Signs of high-street retail recovery in European countries lifting lockdown restrictions


As European countries re-open shops post lockdown, online retail sales growth has dropped considerably, perhaps indicating that consumers are turning to physical stores once more, data from tech firm Emarsys suggests.

Since Germany began to open shops again from 20th April, online sales revenue growth has decreased from 67% (in the week leading up to 19th April) to 46% (in the week leading up to 3rd May) compared with the same time last year.

Italy has also seen a large decrease in online retail sales as people return to physical stores. At the time of shops reopening on the 20th April, Italian online retail growth decreased from 159% to 105% year on year.

Spain began to re-open shops on 4th May, and it remains to be seen whether online growth will shrink from the current 15% during the week leading up to 3rd May.

In the UK, where restrictions remain, online sales growth continues to rise — increasing from 99% to 128% between the 19th April and 3rd May.

Alex Timlin, senior vice president of verticals at Emarsys, explained: “We’re beginning to see the first signs of retail recovery in countries that have lifted restrictions — albeit slowly.

“It’s going to be a long journey to get consumers back to shopping in physical stores once again, but the fact that online retail growth is decreasing is a welcome sign for those that run bricks-and-mortar stores.”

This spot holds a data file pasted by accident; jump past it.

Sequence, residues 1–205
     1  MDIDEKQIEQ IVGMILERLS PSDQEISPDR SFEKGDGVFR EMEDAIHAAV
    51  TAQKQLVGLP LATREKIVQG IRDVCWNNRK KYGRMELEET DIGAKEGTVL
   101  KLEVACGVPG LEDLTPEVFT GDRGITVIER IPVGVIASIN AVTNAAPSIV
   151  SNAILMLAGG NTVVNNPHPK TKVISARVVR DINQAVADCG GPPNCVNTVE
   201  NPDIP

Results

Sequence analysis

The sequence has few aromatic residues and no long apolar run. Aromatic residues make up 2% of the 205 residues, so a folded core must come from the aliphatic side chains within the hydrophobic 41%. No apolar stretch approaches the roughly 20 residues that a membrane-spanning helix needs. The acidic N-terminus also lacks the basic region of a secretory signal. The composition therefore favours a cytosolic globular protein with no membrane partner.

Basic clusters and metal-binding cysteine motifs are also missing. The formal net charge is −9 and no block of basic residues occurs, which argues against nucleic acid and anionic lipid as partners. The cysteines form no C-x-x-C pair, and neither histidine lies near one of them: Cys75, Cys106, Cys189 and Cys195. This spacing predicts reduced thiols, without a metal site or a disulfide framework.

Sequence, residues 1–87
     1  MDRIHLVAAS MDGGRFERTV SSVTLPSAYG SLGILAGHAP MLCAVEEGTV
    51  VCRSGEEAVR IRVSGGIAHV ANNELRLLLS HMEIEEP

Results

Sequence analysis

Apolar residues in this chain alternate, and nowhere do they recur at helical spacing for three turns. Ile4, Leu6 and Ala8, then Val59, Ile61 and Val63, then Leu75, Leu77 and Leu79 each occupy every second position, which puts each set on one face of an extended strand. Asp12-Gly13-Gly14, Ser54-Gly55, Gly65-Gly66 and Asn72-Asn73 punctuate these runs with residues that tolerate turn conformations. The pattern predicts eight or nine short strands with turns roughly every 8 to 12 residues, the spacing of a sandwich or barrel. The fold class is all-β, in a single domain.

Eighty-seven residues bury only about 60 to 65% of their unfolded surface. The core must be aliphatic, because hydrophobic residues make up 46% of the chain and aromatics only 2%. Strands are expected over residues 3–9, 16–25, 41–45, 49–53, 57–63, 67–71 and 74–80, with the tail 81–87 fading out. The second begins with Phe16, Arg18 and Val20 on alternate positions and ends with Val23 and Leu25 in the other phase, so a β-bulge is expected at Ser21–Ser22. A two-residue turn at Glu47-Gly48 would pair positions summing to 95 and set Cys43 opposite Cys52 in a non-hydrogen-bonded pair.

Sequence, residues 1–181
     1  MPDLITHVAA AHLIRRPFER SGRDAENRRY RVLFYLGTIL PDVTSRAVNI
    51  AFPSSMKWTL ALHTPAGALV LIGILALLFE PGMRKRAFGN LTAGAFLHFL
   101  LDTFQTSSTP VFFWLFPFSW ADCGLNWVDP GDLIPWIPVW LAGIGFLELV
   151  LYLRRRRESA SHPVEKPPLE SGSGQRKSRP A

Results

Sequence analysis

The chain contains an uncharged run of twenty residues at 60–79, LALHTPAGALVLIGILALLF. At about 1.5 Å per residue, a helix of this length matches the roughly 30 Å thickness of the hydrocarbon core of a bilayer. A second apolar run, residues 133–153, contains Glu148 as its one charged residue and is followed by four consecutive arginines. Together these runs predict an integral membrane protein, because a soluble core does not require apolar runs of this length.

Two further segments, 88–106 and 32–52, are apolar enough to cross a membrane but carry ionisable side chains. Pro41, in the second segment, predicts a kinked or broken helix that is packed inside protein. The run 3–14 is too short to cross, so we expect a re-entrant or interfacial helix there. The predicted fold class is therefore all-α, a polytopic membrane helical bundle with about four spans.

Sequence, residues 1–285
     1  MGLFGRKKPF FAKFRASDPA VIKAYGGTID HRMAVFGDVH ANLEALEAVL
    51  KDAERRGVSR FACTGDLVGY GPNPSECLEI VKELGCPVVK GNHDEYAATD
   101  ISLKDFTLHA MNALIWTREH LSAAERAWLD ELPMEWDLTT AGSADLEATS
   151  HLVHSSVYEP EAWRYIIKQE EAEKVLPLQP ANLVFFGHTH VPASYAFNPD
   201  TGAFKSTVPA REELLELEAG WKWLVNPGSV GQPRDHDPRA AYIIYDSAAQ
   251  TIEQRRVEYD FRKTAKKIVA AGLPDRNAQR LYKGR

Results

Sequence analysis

These most recent online customer trends were identified by Covid-19 Commerce Insight, a joint project between leading customer engagement platform provider Emarsys and data analytics provider GoodData showing the impact the impact of Covid-19 on consumer confidence.

Covid-19 Commerce insight draws on more than a billion engagements and 400 million transactions in 120 countries, providing a global and regional picture of e-commerce activity and trends — a key indicator of overall economic conditions in these unprecedented times.

Key insights from Covid-19 Commerce Insight include how the pandemic is affecting the number of online consumer transactions, order numbers, the average order value, types of items purchased and more — in any industry and region in the world — in context of the extraordinary measures taken by governments globally.